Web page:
Becoming Each Other: Why We Need Riva Lehrer’s “Golem Girl” Right Now

Image © Riva Lehrer, courtesy of Random House

Memoirs tend to center the notion that tragedies and setbacks can be, indeed need to be, overcome. Readers expect to be inspired by the author’s story, and maybe learn how they,  too, might get past disappointment, pain, loss, and suffering. 

“Golem Girl” breaks that mold. Written by artist Riva Lehrer, who lives her life with spina  bifida, it exposes the genre’s typical positivism as a veiled form of pity that says, “Fear not,  with the right attitude your objectionable reality can be altered!” 

Lehrer, in fact, shows how the very idea of normality is an illusion. As an instructor in the  Medical Humanities Departments of Northwestern University—one of many professional roles she fills—Lehrer leads future medical professionals in drawing exercises in which they sketch preserved human fetuses showing a range of genetic anomalies. Students may enter the class clinging to the infantile programming that taught them to see these fetuses as deformed or abnormal, but over time they begin to see them as beautiful representatives of the true diversity of possible human experiences. 

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This is just one example of how Lehrer has devoted her life to the goal of cultivating empathy. Sympathy and pity, she explains, require othering by positioning us outside of each other’s realities. Empathy asks us to actually feel what it is to be someone else. 

Born in 1958, Lehrer lived the first two years of her life in the hospital, enduring multiple surgeries. Back then, in the rare instances when a child with spina bifida did not die at birth or soon after, doctors were trained to lead parents to believe the child could have no reasonable expectation of a productive, happy life. Most children with Lehrer’s prognosis lived in institutions, rarely seeing their families again. 

Lehrer’s mother fought with doctors and administrators for the right to take her daughter home, regardless of what complications the system warned her that would entail.  Lehrer speculates that her mother’s devotion had something to do with the two babies she previously lost in childbirth. This, Lehrer says, was a type of “dark luck”—a tragedy that nonetheless helped ensure her survival.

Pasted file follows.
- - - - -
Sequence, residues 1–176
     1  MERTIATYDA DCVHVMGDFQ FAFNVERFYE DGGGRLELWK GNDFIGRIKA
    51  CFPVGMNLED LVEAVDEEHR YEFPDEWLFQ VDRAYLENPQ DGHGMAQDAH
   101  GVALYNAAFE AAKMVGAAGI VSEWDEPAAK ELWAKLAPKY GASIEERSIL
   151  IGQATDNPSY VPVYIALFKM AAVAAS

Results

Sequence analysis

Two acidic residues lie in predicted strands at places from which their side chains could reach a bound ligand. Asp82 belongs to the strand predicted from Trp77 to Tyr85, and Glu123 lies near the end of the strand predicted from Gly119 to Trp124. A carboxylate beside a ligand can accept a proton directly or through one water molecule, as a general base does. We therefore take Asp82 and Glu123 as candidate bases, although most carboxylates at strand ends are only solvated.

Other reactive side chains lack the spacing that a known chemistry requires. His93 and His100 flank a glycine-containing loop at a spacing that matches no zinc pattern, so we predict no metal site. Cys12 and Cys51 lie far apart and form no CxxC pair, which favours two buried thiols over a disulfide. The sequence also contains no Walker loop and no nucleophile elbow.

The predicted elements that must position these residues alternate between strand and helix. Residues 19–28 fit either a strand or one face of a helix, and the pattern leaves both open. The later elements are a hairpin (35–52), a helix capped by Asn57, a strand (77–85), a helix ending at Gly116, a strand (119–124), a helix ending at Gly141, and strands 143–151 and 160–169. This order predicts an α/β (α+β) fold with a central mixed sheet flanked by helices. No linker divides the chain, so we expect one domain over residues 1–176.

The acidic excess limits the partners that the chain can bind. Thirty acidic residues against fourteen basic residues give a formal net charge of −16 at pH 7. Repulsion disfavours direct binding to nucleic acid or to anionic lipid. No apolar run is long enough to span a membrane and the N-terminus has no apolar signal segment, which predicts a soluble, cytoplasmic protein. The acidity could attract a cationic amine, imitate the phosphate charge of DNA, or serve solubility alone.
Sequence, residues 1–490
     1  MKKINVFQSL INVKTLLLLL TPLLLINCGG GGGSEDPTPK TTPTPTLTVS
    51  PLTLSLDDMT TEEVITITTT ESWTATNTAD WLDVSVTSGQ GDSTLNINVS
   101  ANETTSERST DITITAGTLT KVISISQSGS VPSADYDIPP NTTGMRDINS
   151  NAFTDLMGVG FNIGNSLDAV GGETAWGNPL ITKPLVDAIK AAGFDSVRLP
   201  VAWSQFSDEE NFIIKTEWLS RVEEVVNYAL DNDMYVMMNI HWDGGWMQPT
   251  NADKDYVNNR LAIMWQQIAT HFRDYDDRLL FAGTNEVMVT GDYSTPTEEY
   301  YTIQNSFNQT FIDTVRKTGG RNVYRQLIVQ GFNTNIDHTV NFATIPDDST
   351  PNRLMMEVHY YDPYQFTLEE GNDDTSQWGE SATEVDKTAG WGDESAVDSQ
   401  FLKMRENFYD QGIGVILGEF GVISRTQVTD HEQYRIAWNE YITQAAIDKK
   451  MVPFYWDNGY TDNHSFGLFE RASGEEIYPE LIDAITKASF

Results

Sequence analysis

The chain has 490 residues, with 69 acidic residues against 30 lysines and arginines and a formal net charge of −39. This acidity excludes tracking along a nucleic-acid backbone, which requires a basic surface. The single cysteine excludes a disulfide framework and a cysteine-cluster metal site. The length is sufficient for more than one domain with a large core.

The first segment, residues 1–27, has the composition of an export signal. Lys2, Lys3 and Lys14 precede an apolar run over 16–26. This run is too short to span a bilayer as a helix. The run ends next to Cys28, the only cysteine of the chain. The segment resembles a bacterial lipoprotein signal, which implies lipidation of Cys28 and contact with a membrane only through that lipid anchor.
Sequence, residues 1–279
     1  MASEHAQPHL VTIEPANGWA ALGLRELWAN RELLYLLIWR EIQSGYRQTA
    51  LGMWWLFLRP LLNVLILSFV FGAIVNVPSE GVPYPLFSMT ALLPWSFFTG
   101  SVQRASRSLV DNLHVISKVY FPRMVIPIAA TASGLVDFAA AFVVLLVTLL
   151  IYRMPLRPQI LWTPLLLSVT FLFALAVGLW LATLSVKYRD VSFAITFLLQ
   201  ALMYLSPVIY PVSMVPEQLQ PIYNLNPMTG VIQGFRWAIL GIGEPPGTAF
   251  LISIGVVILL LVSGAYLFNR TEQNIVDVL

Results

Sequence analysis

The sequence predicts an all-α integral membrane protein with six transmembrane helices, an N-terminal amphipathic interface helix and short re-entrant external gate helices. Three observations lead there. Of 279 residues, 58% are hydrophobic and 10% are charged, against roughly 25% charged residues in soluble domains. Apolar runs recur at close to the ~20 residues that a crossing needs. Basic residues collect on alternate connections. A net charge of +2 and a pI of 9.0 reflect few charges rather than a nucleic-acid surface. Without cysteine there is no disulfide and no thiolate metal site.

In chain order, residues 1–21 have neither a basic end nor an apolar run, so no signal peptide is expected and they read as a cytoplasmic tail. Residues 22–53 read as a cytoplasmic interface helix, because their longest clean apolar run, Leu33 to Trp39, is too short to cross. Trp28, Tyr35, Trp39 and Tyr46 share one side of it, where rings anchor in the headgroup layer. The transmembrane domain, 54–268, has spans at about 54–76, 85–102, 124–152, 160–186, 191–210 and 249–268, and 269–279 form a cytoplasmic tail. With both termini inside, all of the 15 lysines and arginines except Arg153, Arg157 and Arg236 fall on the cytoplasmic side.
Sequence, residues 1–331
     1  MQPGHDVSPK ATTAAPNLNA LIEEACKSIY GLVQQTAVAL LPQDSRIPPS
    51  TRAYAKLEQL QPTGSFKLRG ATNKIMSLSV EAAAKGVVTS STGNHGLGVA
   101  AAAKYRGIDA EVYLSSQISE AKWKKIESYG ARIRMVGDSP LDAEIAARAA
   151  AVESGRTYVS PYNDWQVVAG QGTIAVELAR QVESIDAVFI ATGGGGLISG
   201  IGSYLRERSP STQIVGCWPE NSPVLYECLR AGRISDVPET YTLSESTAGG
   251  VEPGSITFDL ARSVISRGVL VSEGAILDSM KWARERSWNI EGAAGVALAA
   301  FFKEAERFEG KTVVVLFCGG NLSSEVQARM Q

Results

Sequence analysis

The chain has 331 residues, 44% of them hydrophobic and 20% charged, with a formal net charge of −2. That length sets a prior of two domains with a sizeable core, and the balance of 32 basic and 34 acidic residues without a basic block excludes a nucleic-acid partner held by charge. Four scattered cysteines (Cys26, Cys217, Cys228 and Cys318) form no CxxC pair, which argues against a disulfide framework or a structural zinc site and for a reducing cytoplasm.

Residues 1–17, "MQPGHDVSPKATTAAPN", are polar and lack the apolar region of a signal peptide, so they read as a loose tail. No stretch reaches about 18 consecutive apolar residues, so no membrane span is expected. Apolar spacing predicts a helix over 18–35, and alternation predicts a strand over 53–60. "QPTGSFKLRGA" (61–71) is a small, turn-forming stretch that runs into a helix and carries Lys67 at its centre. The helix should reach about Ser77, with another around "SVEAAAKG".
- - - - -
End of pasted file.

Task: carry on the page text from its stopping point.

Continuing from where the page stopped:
Reading the phrase “dark luck,” I first wondered, isn’t it always necessary for someone to fail so that someone else can succeed? Then I thought about how many people must see someone with a genetic variation such as Lehrer’s and think her survival was not lucky at all,  since she has had to endure so much pain, disenfranchisement, and othering from abled society. 

I now find Lehrer’s concept of “dark luck” revelatory of how luck only exists inside of social constructs based on the belief in opposites, such as winners and losers. Within a social construct that values all experiential variations equally, the concept of luck would not exist. 

It is precisely because we live in a culture obsessed with concepts such as luck and opposites that Lehrer calls herself a monster. That’s what a golem is: a clay monster in Jewish folklore brought to life by supernatural powers. 

“Golem Girl” candidly, and frequently poetically, elucidates how a golem can be both predator and prey. Monster and master are just different terms for outsider and insider.  Crucially, Lehrer shows us how golems become scapegoats—blamed whenever it serves the master’s purposes. 

Like all golems, Lehrer has faced a never-ending barrage of expectations to perform to whatever role the masters give her, whether it’s the timeless expectation that she adapt to failed, i.e. handicapped inaccessible, architecture, or the recent demand that she accommodate society’s claim of freedom to go mask-less. 

Her memoir offers a reasonable alternative to the monster/master dichotomy by revealing variation as the default condition of nature, and empathy as the prerequisite for human sustainability. Nowhere is the way forward more clear than in Lehrer’s portraiture practice, which is detailed at the end of the book. Grounded in collaboration between artist and  sitter, her studio practice is itself an act of exploring the idea that when we empathize with each other, we become harbingers of a culture not based on the fiction of opposites, but on the fact that our destinies are intertwined.

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